When Is a College Not a College?

When Is a College Not a College?

 

THAT HEADLINE ISN’T A RIDDLE. Maybe a better question is, should there be guidelines as to what the word “college” means?

The question has come up as the result of a news story that got international attention a month ago when a young woman named Trina Thompson sued her alma mater, Monroe College (N.Y.), for $70,000 because she had been unable to find a job after graduation.

The story quickly went viral, based on Thompson’s perceived audacity at filing such a suit. It became the setup for jokes on talk radio and on cable news shows, with pundits berating the woman’s intelligence. After all, what school would promise to help a student find a job, especially in this economy? Then, just as quickly, the story vanished as the media and the public moved on to “the next thing.”

But, as an article by Mark Gimein on Slate.com — apparently one of the few outlets to actually investigate beyond the headline — revealed, there’s much less to Monroe College than meets the eye.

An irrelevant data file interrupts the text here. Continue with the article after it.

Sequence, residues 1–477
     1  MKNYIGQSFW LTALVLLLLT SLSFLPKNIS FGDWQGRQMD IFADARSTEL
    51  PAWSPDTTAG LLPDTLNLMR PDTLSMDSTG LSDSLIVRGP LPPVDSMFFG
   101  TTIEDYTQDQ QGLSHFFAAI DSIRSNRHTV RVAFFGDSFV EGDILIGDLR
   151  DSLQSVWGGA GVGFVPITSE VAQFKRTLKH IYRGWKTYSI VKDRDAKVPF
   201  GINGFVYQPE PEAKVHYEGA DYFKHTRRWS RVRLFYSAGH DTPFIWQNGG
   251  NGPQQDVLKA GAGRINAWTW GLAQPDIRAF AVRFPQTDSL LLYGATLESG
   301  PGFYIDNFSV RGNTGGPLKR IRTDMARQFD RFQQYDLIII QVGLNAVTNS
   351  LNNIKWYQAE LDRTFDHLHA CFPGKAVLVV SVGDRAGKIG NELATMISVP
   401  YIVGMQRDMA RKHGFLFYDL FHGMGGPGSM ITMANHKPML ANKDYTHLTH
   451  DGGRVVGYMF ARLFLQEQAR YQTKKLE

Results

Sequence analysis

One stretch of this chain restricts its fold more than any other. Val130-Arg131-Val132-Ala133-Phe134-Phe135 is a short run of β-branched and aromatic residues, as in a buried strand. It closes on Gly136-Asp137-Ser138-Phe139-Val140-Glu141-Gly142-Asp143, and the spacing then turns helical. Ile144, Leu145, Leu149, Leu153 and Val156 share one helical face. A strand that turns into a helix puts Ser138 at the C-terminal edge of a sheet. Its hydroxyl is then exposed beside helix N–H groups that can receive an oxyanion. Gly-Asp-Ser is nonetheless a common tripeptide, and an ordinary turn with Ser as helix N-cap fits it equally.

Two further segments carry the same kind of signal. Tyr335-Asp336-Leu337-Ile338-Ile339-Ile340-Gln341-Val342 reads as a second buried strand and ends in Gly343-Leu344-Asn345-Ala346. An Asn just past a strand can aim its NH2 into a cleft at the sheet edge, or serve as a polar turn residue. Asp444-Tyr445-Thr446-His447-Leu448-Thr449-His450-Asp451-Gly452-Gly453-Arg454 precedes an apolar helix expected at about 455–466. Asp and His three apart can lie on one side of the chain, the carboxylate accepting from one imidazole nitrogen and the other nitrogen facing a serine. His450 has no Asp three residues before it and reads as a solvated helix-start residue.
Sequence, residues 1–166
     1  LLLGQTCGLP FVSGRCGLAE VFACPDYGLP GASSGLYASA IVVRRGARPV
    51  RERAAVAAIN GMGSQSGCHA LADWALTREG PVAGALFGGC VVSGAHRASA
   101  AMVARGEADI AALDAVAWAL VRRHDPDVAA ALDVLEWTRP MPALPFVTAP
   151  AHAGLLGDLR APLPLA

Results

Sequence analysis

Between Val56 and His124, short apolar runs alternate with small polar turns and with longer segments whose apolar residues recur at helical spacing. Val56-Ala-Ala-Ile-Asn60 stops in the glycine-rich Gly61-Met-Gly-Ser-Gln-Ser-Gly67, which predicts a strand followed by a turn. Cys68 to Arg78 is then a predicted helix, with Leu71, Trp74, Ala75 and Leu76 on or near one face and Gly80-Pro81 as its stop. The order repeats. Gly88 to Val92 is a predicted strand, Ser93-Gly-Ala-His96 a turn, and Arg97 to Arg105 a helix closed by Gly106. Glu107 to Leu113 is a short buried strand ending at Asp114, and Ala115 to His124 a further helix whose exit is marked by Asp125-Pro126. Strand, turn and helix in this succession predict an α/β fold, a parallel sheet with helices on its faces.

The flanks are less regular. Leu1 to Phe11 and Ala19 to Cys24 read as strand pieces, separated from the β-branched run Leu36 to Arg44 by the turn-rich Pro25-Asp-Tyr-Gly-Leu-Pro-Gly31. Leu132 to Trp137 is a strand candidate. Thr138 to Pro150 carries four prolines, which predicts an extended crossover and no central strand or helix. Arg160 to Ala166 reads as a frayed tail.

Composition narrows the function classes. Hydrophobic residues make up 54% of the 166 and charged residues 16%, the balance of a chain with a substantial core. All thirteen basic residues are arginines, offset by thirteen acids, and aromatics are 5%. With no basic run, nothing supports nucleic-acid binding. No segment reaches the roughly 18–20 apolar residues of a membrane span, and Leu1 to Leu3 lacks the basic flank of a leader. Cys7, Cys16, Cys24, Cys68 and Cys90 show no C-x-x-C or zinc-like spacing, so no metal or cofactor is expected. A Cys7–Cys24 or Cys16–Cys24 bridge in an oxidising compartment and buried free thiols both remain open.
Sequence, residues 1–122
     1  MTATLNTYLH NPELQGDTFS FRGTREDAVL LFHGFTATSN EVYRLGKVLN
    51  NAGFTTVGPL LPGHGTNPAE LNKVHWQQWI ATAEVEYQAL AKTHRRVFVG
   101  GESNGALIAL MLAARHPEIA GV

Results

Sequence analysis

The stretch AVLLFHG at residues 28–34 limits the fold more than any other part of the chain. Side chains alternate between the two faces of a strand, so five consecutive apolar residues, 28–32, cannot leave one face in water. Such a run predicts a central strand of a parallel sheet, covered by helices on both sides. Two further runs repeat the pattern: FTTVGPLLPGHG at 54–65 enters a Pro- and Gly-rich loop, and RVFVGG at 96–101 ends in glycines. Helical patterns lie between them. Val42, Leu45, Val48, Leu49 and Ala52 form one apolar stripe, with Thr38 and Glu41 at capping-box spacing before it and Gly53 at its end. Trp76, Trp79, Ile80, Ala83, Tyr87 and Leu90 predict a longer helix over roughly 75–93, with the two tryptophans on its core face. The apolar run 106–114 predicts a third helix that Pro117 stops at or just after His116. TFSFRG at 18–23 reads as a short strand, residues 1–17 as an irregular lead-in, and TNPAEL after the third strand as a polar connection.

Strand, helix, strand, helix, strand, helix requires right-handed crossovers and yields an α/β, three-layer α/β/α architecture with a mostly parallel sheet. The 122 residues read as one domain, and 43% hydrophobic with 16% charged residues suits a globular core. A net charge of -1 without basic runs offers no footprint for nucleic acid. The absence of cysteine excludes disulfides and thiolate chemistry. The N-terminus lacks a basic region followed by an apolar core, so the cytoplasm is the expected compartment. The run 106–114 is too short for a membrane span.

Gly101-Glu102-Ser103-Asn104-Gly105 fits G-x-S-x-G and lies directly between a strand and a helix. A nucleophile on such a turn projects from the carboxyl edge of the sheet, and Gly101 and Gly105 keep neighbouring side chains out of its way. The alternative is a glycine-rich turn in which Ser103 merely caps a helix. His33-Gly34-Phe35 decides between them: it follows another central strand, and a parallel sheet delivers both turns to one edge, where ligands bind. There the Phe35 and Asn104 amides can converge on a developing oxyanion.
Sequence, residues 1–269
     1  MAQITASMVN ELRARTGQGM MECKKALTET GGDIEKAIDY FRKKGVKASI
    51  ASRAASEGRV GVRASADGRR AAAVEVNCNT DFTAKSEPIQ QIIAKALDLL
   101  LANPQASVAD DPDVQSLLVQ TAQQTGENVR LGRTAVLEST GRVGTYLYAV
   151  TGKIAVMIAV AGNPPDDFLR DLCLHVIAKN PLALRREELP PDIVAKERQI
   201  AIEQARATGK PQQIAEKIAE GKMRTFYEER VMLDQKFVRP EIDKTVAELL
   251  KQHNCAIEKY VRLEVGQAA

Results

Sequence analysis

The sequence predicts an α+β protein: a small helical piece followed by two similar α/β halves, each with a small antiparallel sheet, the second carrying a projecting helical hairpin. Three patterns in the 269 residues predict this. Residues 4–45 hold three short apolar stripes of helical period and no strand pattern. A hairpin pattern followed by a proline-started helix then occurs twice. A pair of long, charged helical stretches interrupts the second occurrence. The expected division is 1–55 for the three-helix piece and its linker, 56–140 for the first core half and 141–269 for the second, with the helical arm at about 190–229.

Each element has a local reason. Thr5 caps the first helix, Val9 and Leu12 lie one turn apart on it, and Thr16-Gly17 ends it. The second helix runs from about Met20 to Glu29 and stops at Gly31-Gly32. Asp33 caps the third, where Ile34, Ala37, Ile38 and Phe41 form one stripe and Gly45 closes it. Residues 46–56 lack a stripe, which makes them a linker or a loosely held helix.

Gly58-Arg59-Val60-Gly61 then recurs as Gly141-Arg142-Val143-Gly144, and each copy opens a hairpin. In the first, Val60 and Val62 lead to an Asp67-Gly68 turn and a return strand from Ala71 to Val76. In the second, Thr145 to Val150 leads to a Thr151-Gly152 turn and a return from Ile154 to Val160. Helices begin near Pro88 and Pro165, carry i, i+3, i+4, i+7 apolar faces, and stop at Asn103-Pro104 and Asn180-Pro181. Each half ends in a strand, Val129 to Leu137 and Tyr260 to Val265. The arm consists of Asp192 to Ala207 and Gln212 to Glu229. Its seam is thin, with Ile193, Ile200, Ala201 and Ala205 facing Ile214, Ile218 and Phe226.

The lawsuit is about the quality of the education paid for.

Thompson now claims Monroe is a vocational school in a college’s clothing. It is true that Monroe College is an accredited, for-profit business school in New York that grants degrees. But that doesn’t make it a “college” in the traditional sense anymore than Alaska’s proximity to Russia gave Sarah Palin foreign policy experience.

For those who bothered to look, the lawsuit is not so much about Thompson’s inability to find a job but about the quality of the education that she paid for. True, for what she was charged ($5,800 per year) Thompson would likely have been better off at any number of two- or four-year institutions. She certainly would have gotten more for her money. Gimein writes that in Thompson’s case, Monroe provided basic office skills in Word, Excel, and web design, but few if any of the courses one would expect from a “regular” college.

But Monroe does qualify, according to the Commission on Higher Education of the Middle States Association of Colleges and Schools, as a college. Which brings me back to the question I asked at the beginning. Beyond meeting the standards of a regional accrediting body, what does the word “college” imply? Is it right that a school such as Monroe should be able to claim the title? Was Thompson misled by the school’s marketing to think she would get more for her money? I don’t have an answer, but it should be interesting to watch this one develop.

 

Write to Tim Goral at tgoral@universitybusiness.com.


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